The Digital Mindset
What It Really Takes to Thrive in the Age of Data, Algorithms, and AI
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The pressure to be digital has never been greater.
The digital revolution is here. It's changing how work gets done, how industries are structured, and how people from all walks of life work, behave, and relate to each other. To thrive in a world driven by data and powered by algorithms, we must learn to see, think, and act in new ways. We need to develop a digital mindset.
But what does that mean? Some fear it means that in the near future we will all need to become technologists who master the intricacies of coding, algorithms, AI, machine learning, robotics, and who-knows-what's-next.
This book introduces three approaches—Collaboration, Computation, and Change—that you need for a digital mindset and the perspectives and actions within each approach that will enable you to develop the digital skills you need. With a digital mindset, you can ask the right questions, make smart decisions, and appreciate new possibilities for a digital future. Leaders who adopt these approaches will be able to develop their organization's talent to prepare their company for successful and continued digital transformation.
Award-winning researchers and professors Paul Leonardi and Tsedal Neeley will show you how, and let you in on a surprising and welcome secret: developing a digital mindset isn't as hard as we think. Most people can become digitally savvy if they follow the 30% rule—the minimum threshold that gives us just enough digital literacy to understand and take advantage of the digital threads woven into the fabric of our world.
Harvard Business Review Press, 9781647820107, 256pp.
Publication Date: April 19, 2022
About the Author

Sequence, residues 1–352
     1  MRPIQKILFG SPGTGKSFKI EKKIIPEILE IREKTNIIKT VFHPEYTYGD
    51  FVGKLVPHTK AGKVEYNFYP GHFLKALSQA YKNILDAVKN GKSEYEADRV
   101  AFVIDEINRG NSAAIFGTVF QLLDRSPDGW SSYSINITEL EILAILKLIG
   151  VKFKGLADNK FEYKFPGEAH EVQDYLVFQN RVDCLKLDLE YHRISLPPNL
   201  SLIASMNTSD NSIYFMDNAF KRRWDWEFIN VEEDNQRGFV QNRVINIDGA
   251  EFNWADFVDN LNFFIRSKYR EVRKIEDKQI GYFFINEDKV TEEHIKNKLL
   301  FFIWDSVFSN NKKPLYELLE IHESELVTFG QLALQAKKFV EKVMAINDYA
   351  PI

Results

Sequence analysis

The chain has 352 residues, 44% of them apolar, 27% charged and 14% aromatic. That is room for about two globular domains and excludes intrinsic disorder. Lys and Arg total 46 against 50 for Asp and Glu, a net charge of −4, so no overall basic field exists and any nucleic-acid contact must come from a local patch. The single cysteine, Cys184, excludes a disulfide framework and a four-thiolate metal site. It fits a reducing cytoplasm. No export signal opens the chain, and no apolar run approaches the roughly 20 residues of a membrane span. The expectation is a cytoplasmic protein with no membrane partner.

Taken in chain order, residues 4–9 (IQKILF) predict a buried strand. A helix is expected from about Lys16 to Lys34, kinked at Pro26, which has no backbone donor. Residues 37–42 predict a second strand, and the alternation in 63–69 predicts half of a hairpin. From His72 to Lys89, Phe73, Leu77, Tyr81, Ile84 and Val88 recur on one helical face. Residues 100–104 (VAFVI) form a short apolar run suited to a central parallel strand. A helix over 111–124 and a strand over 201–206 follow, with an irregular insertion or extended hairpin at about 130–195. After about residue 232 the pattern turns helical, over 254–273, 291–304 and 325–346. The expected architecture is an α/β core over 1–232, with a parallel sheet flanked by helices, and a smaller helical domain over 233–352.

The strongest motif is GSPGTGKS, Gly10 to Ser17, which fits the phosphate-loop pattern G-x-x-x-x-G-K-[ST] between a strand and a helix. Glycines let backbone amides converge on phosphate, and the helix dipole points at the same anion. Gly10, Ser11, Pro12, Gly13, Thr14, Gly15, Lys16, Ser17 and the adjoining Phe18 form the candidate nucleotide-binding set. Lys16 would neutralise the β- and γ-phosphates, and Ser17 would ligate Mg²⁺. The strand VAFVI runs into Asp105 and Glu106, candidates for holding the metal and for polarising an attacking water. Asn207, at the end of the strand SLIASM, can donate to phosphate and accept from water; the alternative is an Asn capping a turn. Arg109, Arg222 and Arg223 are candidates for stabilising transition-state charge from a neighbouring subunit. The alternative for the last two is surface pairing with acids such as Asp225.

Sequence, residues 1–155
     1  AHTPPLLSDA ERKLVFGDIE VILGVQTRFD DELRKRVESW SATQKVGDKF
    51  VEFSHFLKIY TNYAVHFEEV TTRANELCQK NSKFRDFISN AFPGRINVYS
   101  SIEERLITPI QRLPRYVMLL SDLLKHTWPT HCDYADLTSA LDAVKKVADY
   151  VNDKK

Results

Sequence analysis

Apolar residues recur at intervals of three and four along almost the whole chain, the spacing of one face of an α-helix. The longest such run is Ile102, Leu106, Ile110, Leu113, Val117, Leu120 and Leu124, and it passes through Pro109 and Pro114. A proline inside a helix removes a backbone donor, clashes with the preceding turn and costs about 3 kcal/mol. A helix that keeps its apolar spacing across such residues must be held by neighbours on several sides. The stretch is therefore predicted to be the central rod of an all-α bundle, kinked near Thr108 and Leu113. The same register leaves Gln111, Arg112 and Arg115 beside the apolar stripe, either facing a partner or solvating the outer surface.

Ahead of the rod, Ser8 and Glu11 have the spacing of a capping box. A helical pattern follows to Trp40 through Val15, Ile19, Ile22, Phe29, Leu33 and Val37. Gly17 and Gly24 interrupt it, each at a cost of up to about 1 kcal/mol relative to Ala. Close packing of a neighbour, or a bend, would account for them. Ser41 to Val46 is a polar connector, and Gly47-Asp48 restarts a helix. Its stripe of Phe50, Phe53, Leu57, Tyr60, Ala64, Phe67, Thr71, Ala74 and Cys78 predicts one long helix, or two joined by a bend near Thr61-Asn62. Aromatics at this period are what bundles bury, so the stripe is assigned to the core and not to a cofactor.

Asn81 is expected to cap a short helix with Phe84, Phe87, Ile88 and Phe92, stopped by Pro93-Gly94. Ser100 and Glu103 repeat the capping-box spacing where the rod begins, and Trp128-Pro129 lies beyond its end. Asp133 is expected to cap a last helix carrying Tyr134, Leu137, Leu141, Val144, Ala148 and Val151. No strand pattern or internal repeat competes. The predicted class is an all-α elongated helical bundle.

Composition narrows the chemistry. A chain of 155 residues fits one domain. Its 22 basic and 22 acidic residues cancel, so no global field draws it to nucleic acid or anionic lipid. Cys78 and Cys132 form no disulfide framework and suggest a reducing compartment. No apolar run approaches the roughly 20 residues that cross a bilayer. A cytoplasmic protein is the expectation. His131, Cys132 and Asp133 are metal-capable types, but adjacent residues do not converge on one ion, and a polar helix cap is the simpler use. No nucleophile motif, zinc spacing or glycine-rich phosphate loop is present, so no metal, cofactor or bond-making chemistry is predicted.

Paul Leonardi (@pleonardi1) is the Duca Family Professor of Technology Management at University of California Santa Barbara. He is an expert on digital transformation and organizational change. He advises senior leaders on how to organize their workforces to compete with data, analytics, and new technologies and consults with companies such as Microsoft, General Motors, and Discover about using digital tools to enhance internal knowledge-sharing, how to structure global product-development operations, and how to manage the human aspects of new-technology implementation. He is also a regular keynote speaker for corporate trainings and user conferences on digital transformation, innovation, and change.An award-winning researcher and teacher, Leonardi is the author of two books on technological innovation and organizational change, Car Crashes without Cars and Technology Choices, and he is the editor of two volumes on technology and expertise. His work has been published in top journals and featured in news outlets such as the Wall Street Journal, Forbes, and the Financial Times. Leonardi earned his doctorate from Stanford University.You can find Paul Leonardi at paulleonardi.com and twitter.com/pleonardi1.Tsedal Neeley (@tsedal) is the Naylor Fitzhugh Professor of Business Administration at the Harvard Business School and an award-winning scholar, teacher, and expert on virtual and global work. She regularly advises top leaders who are embarking on virtual work and large-scale change that involves global expansion, digital transformation, and becoming more agile. She is the author of Remote Work Revolution and the award-winning book The Language of Global Success. She serves on the boards of Brightcove, Brown Capital Management, Harvard Business Publishing, and the Partnership. She is also on Rakuten's advisory board.Named to the Thinkers50 On the Radar list for making lasting contributions to management, Neeley's work has also been published in top journals and featured on the BBC, CNN, NPR, and MarketWatch and in Forbes, the Financial Times, the New York Times, Nikkei, the Wall Street Journal, the Economist, and in many other outlets. She received her doctorate from Stanford University in management science and engineering, specializing in work, technology, and organizations.You can find Tsedal Neeley at Tsedal.com and twitter.com/tesdal.